Somewhere in this marsh of information, there is vital data ...

Most open source information is useless. Garbage to be discarded. Puffery, opinion, irrelevancies, and non-facts make up much of what you must wade thorough.

SEC documents are laced with disclaimers, legal boilerplate, and required irrelevant “facts” that waste your time, but must be sorted through. Much is repetitious.

But now and then, you come across that pearl of wisdom … an “ah ha” moment … that makes it all worthwhile.

Of course, competing analysts who are too busy for such drudgery, will never have your insights and will march off in lockstep to the tune of the very limited informational ditty served up by the same easy, convenient, commercial sources.

Fundamental analysis has never been easy — which is the reason that Warren Buffet and Benjamin Graham were able to make money.

Fundamental analysis that is relevant to the 21st century and the over-abundance of free information, must go beyond the 1930 techniques of Graham, Dodd, and Buffet.

Capital Market Wiki provides templates for teaching open source financial research in universities. This wiki also has formats, guidelines, and help files that allow you to learn on your own, by doing.

Non-standardized information

The challenge of open source financial intelligence is that the information marsh through which you must wade is unorganized and uncharted.

Like Forrest Gump’s mother’s “box of chocolates”, you never know what you’ll get.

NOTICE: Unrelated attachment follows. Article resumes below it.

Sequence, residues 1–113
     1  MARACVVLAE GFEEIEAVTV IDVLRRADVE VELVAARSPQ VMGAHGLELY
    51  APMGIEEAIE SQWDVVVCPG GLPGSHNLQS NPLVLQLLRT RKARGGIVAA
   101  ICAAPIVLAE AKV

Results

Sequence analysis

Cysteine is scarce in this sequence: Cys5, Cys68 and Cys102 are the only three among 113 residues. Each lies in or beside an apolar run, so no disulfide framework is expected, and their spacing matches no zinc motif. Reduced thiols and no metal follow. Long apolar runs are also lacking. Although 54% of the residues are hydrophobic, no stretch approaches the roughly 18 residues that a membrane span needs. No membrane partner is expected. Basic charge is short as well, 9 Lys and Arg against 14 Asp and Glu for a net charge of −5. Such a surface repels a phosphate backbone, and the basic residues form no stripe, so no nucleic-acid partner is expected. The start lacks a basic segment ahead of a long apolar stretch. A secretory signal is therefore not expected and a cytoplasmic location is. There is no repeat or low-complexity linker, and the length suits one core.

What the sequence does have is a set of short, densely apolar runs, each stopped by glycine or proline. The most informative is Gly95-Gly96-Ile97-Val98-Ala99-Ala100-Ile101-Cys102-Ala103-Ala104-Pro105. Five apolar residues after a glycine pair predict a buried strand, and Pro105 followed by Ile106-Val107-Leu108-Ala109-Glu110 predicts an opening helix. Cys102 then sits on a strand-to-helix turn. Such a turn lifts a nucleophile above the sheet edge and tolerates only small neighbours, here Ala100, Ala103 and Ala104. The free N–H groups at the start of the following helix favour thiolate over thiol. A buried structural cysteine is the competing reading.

OSINT is like a box of chocolates ... you never know what you'll get.

Things are even more complicated by the fact that capital markets are now international. Information available in Indonesia is not the same as in the United Kingdom. Not only are there language barriers, but there are differences in culture, laws, and commercial customs.

Extremely important information can easily be over-looked. For example, the fact that Bernard Madoff was, according to SEC documents freely available on the Internet, holding in custody billions of dollars of client assets, with full managerial discretion, and audited only by a tiny one-man firm in a strip mall in a New York suburb, should have been sufficient to set alarms bells ringing. But this information was available only to open-source analysts who were looking very closely, with a skeptical eye.

Technology and economics for open source financial research

Internet technology and search engines such as Google have brought open source intelligence techniques within the reach of anyone.

Among the new technologies that are useful for open source financial research are collaborative research thorough wiki systems, semantic databases, capital market taxonomy, and open source economics.

I’ll get into these issues in a future article.

Or you can find more information on the Capital Market Wiki introduction page.

Photo credit: “Tunnel vision”: nikpawlak (flickr)